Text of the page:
This tale comes from a source which I have used quite frequently in the past, namely “The Date Book of Remarkable Memorable Events Connected With Nottingham and Its Neighbourhood”.
Imagine. It is December 12th 1786. Less than a fortnight to the Big Day. What will Santa bring you? Better make sure that Santa can get down those Georgian chimneys without a problem:
December 12th. “A remarkable escape from death at the premises of Mr Wilson, bookseller, of South-parade, Nottingham. Mr Stretton, a builder, accidentally met a Mr Ward of Eastwood, and stood on the pavement in front of the shop, conversing with him about Christmas.”
You can go nowadays and stand where exactly these two gentlemen stood, nearly 250 years ago. I have painted an enormous orange arrow on the pavement:
And I also found a photograph of the houses concerned. This was taken in 1874 and although the ground floors are very different today, the upper floors of some of the buildings are still quite similar:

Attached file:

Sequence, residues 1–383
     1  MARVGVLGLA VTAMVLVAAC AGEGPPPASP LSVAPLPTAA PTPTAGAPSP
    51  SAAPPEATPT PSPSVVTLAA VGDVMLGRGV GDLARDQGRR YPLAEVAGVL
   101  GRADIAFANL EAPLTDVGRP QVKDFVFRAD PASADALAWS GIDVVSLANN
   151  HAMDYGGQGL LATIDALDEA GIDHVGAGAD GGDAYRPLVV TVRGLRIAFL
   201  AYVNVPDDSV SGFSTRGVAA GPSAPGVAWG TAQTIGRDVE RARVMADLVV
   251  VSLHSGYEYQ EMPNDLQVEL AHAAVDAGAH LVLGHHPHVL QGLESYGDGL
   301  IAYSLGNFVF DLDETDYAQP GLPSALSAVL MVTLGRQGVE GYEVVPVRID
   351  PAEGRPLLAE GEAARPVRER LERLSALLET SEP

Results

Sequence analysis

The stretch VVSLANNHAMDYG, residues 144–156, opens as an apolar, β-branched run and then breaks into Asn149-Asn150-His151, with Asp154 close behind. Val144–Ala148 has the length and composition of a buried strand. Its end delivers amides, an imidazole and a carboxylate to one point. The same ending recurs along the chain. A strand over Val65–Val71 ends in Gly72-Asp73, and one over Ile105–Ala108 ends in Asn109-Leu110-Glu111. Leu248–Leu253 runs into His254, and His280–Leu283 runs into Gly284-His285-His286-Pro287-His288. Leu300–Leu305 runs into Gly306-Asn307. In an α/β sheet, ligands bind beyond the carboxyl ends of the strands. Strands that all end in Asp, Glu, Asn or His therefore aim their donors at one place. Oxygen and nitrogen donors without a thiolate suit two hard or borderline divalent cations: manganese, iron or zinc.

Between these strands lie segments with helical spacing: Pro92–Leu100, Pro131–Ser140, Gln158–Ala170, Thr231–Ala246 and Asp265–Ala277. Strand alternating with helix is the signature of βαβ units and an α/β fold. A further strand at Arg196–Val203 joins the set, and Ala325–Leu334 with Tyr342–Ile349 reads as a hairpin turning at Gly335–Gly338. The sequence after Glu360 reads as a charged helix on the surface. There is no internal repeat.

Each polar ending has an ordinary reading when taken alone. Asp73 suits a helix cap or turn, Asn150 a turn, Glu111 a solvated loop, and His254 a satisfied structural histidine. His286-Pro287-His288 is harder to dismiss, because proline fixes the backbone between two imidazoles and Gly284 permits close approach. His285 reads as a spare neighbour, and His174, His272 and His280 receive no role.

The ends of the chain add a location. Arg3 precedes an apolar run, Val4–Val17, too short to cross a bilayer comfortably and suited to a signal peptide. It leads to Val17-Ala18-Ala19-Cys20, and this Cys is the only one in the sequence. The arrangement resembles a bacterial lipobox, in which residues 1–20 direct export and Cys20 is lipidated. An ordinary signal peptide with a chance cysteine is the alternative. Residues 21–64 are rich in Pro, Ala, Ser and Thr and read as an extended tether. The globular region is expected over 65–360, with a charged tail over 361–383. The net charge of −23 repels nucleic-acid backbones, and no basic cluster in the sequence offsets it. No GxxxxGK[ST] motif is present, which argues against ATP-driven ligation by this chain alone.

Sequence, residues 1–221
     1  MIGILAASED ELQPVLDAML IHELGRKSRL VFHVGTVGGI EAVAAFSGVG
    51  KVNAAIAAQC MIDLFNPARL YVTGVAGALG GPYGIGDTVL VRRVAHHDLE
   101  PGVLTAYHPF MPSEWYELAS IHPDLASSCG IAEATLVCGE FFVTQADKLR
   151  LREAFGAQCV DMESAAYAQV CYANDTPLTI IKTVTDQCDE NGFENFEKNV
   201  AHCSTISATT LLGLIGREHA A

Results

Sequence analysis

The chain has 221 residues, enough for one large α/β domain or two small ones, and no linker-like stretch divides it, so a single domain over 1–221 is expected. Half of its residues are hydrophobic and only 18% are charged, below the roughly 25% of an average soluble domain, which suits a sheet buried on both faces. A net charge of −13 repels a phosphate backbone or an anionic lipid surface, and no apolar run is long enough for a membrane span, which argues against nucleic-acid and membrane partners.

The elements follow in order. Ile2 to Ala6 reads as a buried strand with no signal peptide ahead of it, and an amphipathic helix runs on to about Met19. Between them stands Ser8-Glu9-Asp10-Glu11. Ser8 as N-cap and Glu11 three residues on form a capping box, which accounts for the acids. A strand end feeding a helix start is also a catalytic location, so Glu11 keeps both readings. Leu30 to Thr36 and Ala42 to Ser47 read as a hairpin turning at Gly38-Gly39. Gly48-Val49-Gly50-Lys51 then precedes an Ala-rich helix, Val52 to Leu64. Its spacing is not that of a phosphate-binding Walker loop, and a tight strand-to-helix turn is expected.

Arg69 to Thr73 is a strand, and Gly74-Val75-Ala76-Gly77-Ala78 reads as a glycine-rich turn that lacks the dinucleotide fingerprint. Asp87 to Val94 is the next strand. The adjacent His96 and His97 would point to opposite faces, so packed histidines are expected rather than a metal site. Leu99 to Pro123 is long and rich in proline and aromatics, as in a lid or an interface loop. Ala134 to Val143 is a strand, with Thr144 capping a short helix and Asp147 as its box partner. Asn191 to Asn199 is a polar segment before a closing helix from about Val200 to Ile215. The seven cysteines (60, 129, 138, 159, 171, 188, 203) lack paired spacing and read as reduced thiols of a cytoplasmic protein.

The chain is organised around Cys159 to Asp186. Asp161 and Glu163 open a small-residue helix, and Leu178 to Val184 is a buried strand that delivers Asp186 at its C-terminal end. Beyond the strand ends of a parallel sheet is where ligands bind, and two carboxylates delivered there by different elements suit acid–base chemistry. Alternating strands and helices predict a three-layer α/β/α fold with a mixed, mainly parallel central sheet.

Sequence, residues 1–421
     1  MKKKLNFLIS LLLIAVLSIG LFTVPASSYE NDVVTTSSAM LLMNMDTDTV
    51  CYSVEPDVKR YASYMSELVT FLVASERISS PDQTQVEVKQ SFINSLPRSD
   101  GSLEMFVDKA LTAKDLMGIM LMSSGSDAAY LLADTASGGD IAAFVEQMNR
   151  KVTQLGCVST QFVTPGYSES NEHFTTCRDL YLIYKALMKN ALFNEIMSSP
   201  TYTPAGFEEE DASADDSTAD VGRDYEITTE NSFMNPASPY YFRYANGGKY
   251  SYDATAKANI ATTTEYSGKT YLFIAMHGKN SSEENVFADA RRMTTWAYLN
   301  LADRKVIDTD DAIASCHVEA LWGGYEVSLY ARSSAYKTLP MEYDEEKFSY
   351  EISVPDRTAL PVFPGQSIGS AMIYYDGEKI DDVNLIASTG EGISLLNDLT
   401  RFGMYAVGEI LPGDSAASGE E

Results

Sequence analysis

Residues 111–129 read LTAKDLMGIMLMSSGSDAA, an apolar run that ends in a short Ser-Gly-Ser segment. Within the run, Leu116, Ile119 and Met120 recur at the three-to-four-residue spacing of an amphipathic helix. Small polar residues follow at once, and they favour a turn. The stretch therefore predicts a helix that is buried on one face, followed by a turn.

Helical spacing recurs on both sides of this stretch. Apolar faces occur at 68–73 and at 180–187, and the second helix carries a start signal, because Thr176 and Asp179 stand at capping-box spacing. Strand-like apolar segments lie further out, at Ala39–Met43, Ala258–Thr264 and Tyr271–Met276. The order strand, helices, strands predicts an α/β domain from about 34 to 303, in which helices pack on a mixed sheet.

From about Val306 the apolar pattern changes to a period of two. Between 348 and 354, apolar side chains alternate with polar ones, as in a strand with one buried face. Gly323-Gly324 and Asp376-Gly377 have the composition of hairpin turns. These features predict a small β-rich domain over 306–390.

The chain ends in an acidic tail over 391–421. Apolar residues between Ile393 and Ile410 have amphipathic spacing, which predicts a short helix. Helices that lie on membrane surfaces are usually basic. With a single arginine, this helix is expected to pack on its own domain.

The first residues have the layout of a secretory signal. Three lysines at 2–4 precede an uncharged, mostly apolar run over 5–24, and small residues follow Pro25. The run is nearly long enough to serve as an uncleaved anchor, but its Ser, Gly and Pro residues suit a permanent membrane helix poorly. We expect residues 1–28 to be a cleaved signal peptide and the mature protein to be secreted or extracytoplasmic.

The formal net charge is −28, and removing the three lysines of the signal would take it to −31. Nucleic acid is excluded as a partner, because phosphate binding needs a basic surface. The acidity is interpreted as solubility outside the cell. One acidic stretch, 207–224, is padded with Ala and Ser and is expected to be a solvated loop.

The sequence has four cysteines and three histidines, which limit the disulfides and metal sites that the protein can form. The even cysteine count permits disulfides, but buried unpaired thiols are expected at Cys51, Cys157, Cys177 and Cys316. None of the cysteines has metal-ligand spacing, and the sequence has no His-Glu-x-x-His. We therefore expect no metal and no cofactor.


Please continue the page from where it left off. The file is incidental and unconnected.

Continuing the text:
In 2017, it is not just the ground floors which are different. The people are as well. Nowadays, all the people try to dress as much like each other as possible. A 21st century guerrilla army:
But what about Mr Stretton and Mr Ward the builder? Well, they were talking about what Santa was going to bring them, and Mr Ward was just saying that he had been repairing loads of chimneys in this area because all the little kids were worrying about Santa’s arrival, when suddenly…..
“…a violent gust of wind overthrew a stack of chimneys, which in their descent brought down with them a large proportion of the roof and a quantity of the brickwork of the front wall.”
It was a little bit like this…
But a lot more like this…
It was no laughing matter, because…
“Neither of the gentleman had warnings sufficient to run out of danger. An apparently solid mass fell upon the back and head of Mr Stretton, but chiefly upon his shoulders, beating him to the ground, and cutting the back of his coat into shreds . He endeavoured two or three times to get up, but the bricks continually falling upon him, prevented him.”
I think we’ve all seen Laurel and Hardy, or Tom and Jerry, in that situation, as the last two or three bricks of many fall individually and hit them one after another on the head. But it was no laughing matter at all…